It's worth nothing that the NCAA working with Maria Elena Perez, attorney for former Miami booster Nevin Shapiro, is not inherently sinister. Because the NCAA has no subpoena power, it often relies on investigations that run parallel to legal proceedings so it can wring out as much information as possible.

Inside NCAA headquarters, the idea of hiring Perez to depose witnesses in Shapiro's bankruptcy proceedings seemed like such a potential vein of information that vice president of enforcement Julie Roe Lach went all the way up to Jim Isch — second in command of the entire organization — and got permission to go over budget to make it happen, according to the Wainstein report.

But when the NCAA's legal staff advised Najjar and Lach to nix the plan on very clear grounds that it fell outside the scope of NCAA procedures, it should have died right then.

"Understanding that there are at least three individuals that will not speak with us, but would be compelled to do so under the bankruptcy proceeding, our advice would be not to use a source's criminal attorney in this manner," NCAA deputy general counsel Naima M. Stevenson wrote in an e-mail to Najjar on Oct. 21, 2011.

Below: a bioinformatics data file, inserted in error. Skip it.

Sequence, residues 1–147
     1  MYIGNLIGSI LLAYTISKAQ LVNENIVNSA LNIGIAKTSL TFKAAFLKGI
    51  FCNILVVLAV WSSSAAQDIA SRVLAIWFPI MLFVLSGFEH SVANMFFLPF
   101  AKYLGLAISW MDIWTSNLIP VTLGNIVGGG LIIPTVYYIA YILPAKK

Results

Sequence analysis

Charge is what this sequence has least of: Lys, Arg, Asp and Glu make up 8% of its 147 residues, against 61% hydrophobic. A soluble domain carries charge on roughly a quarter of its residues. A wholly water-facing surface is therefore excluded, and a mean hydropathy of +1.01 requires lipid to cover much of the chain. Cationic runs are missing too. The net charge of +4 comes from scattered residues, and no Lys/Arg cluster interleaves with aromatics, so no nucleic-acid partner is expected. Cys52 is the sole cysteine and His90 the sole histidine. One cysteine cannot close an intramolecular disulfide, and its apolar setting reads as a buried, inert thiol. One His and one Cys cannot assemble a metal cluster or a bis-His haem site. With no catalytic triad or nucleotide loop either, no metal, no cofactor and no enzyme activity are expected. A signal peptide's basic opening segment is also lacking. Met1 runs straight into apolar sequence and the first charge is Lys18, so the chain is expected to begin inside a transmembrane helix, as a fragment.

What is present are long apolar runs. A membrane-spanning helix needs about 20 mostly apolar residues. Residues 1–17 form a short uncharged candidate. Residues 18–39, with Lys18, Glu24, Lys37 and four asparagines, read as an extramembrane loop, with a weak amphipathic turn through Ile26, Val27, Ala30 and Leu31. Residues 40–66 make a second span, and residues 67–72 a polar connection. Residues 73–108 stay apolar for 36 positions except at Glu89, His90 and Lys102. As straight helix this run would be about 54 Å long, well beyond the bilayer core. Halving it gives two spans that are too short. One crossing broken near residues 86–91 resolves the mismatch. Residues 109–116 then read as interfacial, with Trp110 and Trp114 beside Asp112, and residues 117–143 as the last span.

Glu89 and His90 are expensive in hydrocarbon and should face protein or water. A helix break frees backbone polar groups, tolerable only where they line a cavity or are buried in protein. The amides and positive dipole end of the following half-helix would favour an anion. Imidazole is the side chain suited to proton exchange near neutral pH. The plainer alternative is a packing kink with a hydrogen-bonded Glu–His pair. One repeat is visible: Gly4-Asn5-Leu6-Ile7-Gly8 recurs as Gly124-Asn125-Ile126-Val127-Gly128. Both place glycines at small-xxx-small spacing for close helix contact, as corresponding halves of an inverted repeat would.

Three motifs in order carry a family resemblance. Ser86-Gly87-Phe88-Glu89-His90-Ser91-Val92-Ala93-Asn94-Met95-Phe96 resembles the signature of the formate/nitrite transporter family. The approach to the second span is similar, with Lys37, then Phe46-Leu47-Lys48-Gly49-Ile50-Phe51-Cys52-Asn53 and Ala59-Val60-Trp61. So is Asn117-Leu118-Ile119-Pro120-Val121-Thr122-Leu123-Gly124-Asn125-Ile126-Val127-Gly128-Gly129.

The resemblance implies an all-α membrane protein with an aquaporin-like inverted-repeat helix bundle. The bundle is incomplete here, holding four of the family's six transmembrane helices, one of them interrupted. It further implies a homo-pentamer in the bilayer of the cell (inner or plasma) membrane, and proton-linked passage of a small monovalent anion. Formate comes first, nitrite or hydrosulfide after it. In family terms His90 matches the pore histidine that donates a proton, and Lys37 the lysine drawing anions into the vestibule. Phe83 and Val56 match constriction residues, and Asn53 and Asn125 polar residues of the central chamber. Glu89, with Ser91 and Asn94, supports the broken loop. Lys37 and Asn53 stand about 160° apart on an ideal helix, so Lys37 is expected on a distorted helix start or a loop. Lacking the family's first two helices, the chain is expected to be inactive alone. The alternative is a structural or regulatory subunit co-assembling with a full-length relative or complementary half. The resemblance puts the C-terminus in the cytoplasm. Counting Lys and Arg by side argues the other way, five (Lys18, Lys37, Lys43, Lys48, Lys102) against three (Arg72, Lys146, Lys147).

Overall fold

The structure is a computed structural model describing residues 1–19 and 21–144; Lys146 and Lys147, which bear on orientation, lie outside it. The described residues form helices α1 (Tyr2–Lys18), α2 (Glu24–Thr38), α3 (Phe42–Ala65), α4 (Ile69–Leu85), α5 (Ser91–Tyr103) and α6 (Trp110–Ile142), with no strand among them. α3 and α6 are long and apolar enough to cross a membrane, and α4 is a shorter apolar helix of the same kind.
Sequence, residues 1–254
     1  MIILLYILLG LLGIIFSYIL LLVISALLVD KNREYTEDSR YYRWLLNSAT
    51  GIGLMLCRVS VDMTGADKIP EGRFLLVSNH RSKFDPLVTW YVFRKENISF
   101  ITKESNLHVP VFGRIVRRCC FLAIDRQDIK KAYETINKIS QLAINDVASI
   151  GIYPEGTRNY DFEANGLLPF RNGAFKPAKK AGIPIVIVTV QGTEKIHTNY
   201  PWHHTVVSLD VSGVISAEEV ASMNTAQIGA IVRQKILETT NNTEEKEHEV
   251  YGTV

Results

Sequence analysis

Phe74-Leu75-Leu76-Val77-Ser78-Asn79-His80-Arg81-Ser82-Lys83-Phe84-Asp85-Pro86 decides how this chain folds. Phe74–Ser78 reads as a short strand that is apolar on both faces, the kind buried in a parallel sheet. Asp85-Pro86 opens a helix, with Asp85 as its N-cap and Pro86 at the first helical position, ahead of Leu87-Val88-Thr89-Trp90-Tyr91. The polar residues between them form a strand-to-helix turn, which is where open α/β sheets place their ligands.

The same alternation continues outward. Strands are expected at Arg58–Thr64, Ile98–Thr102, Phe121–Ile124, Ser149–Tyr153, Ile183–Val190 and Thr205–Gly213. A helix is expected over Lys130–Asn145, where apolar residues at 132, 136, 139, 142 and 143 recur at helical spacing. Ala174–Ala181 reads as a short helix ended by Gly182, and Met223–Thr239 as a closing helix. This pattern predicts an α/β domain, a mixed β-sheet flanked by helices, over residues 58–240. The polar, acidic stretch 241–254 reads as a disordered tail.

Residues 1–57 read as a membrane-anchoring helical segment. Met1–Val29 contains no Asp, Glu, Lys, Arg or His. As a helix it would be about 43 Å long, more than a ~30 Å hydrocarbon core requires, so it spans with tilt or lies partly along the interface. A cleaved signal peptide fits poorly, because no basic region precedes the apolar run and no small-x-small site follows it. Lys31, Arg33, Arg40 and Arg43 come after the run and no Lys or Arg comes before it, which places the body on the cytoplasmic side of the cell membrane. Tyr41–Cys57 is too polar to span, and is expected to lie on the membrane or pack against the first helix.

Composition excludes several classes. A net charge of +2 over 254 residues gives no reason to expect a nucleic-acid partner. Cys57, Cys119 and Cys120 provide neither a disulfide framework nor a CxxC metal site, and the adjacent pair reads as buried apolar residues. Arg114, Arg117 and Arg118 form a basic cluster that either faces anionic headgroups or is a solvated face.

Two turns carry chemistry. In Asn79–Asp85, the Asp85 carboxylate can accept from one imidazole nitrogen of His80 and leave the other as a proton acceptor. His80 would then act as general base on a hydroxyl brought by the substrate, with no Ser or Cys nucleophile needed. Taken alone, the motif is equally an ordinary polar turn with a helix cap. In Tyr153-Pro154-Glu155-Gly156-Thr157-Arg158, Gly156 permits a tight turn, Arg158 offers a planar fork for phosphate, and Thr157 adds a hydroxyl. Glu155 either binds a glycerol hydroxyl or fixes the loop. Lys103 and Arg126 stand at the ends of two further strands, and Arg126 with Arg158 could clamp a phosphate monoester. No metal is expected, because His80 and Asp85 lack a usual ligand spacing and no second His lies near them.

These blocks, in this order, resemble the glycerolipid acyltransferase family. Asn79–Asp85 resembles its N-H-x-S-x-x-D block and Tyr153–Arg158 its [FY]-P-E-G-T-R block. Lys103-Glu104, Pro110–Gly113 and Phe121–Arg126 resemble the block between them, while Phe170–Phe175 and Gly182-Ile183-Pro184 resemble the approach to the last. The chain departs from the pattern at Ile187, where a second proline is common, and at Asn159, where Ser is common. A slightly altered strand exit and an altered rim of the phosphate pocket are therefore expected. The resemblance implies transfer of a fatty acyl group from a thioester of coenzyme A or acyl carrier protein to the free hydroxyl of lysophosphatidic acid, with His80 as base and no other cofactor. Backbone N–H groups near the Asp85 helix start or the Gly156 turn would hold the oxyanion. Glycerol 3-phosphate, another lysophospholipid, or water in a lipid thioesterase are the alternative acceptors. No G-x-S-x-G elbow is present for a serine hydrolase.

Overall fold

So why would Najjar ignore the advice of the NCAA's own lawyers and come up with a plan to sidestep them? Why would Lach, who had taken the responsibility on herself to initially seek the lawyers' approval, not follow up with them when Najjar told her that his "work-around" had been approved?

Neither one returned phone messages left by USA TODAY Sports on Monday, but at minimum their actions indicate a fundamental willingness to disregard what would be considered a clear chain of command in most functional organizations.

And that speaks to an enforcement mentality that might need significant change, according to former Committee on Infractions chairman Gene Marsh.

"You definitely can feel from some — and it's not fair to characterize them all that way — but there are some people on their staff who are just zealots for making their case," said Marsh, an Alabama-based attorney. "So it leads to people overreaching; I don't think there's any doubt about it."